Broadband for Health in Developing Countries

Broadband for Health in Developing Countries

Aradhana Srivastava (PRIA (Participatory Research in Asia), India)
DOI: 10.4018/978-1-59904-851-2.ch036
OnDemand PDF Download:
No Current Special Offers


This chapter highlights the major issues in the use of broadband technologies in health care in developing countries. The use of Internet technologies in the health sector has immense potential in developing countries, especially in the context of public health programs. Some of the main uses of information and communication technologies (ICT) in health include remote consultations and diagnosis, information dissemination and networking between health providers, user groups, and forums, Internet-based disease surveillance and identification of target groups for health interventions, facilitation of health research and support to health care delivery, and administration. The technology has immense potential, but is also constrained by lack of policy direction, problems with access to technology, and lack of suitable infrastructure in developing nations. However, given its crucial role in public health, comprehensive efforts are required from all concerned stakeholders if universal e-health is to become a reality.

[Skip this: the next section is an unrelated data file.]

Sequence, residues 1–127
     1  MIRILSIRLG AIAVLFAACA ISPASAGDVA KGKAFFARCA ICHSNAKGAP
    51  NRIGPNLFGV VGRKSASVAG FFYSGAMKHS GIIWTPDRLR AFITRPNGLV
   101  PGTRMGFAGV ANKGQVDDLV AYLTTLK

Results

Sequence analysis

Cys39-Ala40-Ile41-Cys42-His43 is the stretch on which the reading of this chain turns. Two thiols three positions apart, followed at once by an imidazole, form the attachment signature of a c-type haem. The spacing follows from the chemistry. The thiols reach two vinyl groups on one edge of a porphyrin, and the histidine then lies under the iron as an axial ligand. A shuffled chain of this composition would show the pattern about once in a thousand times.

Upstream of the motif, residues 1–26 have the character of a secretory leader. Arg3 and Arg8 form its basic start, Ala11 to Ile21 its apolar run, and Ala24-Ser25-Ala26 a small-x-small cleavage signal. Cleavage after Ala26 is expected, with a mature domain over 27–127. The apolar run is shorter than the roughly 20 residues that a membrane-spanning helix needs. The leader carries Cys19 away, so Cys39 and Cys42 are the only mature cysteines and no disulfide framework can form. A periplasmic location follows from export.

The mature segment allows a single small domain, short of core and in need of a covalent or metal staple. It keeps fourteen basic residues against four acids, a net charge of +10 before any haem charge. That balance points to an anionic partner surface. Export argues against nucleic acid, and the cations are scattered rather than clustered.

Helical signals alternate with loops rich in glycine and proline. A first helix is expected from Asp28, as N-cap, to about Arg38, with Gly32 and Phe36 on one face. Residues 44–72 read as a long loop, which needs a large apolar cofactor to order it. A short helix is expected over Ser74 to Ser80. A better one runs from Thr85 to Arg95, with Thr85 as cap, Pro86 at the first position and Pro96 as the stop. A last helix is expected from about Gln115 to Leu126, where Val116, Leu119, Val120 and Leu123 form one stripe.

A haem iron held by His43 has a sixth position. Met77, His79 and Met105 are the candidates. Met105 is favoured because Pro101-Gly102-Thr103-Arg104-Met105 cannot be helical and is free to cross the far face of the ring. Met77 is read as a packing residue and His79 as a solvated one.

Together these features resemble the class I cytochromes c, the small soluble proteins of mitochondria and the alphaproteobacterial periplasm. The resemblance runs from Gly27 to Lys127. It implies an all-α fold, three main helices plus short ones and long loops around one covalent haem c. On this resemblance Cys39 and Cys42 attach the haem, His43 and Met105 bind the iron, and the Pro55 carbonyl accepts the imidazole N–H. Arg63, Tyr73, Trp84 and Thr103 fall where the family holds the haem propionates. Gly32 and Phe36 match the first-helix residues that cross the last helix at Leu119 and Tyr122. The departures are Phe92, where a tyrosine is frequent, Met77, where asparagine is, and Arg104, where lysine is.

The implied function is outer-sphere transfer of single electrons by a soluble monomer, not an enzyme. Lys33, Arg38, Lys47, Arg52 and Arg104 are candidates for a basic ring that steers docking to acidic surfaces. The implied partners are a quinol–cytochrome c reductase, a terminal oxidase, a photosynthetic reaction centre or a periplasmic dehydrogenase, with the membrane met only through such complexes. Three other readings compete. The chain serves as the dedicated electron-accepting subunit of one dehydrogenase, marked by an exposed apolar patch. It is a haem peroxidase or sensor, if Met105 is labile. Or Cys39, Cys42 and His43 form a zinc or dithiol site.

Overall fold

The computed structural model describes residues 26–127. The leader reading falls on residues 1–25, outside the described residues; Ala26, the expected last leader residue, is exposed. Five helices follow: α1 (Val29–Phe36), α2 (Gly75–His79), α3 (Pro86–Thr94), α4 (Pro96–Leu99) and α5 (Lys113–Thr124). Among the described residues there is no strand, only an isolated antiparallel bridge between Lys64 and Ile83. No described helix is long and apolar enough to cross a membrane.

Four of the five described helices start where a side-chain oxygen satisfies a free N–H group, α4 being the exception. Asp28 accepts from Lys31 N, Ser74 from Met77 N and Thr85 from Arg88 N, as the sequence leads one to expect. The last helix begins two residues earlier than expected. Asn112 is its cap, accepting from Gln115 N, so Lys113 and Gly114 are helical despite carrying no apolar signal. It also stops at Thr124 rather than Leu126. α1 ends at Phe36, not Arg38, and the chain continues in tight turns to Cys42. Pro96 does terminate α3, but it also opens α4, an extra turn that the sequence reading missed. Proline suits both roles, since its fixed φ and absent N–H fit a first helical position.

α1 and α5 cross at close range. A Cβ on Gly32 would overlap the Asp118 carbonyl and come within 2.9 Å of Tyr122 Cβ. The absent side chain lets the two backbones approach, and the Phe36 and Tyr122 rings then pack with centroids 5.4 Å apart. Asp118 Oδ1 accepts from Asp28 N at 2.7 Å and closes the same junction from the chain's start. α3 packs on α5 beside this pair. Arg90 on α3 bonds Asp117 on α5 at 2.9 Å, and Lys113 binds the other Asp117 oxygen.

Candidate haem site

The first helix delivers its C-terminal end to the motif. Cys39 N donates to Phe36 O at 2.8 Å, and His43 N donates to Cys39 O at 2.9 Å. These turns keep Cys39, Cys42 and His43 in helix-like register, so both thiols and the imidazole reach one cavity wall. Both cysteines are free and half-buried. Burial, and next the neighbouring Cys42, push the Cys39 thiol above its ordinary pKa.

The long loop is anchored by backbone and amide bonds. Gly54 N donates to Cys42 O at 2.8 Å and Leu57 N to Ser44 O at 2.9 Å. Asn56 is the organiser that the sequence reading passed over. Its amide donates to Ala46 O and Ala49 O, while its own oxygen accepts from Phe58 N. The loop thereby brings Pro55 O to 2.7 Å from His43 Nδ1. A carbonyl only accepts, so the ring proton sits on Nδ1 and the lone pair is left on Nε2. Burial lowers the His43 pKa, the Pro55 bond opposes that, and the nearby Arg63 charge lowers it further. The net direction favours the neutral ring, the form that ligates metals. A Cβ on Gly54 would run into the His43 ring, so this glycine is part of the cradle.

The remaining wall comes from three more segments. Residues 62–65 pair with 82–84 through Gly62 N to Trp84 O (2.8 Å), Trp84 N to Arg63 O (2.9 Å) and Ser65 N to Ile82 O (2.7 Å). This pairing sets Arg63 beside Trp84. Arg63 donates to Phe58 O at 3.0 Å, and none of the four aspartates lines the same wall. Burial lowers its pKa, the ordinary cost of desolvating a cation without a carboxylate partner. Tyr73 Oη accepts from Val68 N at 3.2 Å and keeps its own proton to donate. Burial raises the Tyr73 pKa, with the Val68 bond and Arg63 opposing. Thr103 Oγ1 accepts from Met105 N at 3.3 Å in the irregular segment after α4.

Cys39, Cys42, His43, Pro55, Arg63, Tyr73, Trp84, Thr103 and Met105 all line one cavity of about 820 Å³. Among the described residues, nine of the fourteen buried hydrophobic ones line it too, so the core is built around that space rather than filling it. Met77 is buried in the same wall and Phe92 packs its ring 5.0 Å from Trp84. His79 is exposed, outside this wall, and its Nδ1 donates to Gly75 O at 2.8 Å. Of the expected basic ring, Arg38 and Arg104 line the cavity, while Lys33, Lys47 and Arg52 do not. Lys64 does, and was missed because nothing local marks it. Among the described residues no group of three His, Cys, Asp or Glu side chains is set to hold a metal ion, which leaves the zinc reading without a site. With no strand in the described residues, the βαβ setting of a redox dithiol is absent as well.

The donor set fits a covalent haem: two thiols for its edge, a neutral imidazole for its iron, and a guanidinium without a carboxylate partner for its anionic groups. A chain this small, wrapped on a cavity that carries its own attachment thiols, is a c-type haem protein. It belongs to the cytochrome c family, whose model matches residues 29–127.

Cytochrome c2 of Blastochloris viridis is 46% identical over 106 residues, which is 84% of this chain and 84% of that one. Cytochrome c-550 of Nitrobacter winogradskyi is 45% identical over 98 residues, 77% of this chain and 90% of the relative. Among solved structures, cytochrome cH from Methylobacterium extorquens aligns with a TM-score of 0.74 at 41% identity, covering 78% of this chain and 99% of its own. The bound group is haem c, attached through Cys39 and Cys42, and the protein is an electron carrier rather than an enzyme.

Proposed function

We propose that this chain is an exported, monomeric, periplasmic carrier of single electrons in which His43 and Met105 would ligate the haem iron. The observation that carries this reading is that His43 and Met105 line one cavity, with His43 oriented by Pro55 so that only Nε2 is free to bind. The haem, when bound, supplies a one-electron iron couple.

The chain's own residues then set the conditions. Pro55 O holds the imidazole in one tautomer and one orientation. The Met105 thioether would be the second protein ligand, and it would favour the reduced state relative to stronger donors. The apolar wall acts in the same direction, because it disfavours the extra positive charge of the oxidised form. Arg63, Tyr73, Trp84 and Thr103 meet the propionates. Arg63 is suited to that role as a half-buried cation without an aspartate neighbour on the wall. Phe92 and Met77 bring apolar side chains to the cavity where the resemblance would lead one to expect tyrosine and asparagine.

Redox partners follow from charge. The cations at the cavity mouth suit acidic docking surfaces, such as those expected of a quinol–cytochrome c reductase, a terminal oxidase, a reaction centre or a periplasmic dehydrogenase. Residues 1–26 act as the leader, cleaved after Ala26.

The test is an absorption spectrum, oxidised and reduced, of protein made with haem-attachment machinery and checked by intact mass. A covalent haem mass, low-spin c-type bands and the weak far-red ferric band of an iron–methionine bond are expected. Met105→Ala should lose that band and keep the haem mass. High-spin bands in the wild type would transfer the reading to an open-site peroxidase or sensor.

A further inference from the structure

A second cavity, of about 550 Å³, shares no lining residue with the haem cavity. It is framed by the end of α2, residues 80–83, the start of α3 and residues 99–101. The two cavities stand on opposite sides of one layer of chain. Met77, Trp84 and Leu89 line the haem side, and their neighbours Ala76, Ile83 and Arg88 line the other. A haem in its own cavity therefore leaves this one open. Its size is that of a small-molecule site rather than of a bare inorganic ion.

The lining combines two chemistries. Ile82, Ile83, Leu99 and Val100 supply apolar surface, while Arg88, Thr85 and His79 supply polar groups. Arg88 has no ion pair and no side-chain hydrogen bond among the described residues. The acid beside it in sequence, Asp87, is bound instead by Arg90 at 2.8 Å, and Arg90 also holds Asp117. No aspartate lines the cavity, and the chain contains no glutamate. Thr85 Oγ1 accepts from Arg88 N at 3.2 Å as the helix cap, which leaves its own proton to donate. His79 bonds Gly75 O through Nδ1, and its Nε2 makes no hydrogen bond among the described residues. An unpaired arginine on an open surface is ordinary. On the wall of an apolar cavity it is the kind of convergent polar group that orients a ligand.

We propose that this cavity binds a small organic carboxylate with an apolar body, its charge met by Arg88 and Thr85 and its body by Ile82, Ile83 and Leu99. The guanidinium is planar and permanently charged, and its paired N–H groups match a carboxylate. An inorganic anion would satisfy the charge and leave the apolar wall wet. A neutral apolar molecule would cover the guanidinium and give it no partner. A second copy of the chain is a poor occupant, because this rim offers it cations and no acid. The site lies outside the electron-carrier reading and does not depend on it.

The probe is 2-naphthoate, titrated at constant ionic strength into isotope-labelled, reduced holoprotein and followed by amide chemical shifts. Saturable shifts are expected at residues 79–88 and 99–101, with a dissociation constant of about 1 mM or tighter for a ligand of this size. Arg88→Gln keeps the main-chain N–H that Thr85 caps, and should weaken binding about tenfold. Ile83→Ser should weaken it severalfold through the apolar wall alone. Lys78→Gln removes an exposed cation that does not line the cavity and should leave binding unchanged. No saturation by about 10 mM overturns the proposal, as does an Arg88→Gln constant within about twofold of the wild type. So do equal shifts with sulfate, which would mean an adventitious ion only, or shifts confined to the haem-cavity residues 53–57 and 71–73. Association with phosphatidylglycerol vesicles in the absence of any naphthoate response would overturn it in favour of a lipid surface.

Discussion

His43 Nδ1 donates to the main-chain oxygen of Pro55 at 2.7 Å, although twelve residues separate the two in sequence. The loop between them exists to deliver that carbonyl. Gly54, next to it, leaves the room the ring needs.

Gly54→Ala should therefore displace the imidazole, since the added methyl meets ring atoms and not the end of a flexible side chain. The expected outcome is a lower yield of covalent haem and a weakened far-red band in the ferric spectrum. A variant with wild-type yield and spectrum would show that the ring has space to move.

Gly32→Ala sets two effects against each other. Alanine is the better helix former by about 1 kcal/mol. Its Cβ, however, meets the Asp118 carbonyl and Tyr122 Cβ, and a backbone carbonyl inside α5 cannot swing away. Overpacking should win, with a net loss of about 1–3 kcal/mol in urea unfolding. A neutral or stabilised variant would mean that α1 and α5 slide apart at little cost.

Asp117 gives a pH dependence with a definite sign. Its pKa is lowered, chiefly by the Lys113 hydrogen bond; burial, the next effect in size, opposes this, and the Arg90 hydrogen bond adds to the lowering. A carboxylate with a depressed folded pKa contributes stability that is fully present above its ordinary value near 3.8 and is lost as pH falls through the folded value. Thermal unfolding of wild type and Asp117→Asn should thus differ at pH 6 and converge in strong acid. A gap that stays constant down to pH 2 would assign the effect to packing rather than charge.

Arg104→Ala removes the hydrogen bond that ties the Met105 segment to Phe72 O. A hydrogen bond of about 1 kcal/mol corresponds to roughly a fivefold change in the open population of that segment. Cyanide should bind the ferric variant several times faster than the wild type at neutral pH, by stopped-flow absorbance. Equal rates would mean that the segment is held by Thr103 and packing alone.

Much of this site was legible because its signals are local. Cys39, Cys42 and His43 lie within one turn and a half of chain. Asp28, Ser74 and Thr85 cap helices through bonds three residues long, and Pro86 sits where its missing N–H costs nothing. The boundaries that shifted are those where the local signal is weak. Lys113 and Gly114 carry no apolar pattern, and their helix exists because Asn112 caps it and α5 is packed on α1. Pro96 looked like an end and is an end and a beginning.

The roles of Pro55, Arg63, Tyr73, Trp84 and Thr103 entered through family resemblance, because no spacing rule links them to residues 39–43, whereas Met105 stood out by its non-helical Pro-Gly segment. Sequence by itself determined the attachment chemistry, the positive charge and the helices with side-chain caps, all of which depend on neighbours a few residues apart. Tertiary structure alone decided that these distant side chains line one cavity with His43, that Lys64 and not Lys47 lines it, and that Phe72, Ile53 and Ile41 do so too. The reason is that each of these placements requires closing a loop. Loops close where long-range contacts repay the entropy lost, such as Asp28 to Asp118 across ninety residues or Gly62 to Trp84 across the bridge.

Key Terms in this Chapter

ADSL Technology: The asymmetrical digital subscriber line (ADSL) technology is the technology which enables transmission of Internet data at faster rates than a regular modem using existing systems of ordinary telephone lines. Its range is limited to within about 5 km.

Telemedicine: Telemedicine refers to the exchange of information between patient and health care provider through electronic media for consultative, diagnostic, or treatment purposes.

EMR: The electronic medical record (EMR) is simply a medical record in electronic format, either captured directly on a computing device or created by entering patient data onto a computer.

Alma Ata Declaration, 1978: The Alma Ata Declaration was the outcome of the International Conference on Primary Health Care held in 1978 in Alma Ata, Kazakhstan. This declaration led to the adoption of the primary health care approach as the key public health strategy by all WHO member countries.

GIS: Geographic information system (GIS) is the application of computer programs for capturing, storing, and analyzing spatially referenced data which can also be used for resource planning and management purposes.

E-Health: The term “e-health” has been used in this chapter to denote all applications of Internet technology in health care, whether for commercial or for developmental purposes.

PDA: The personal digital assistant (PDA) is a hand-held computing device with a number of functions including palm-top Internet access. Though commercially used as a personal assistant, it is being used by development personnel working in the field to record data electronically and often also to transmit field information electronically to a remote server.

Complete Chapter List

Search this Book: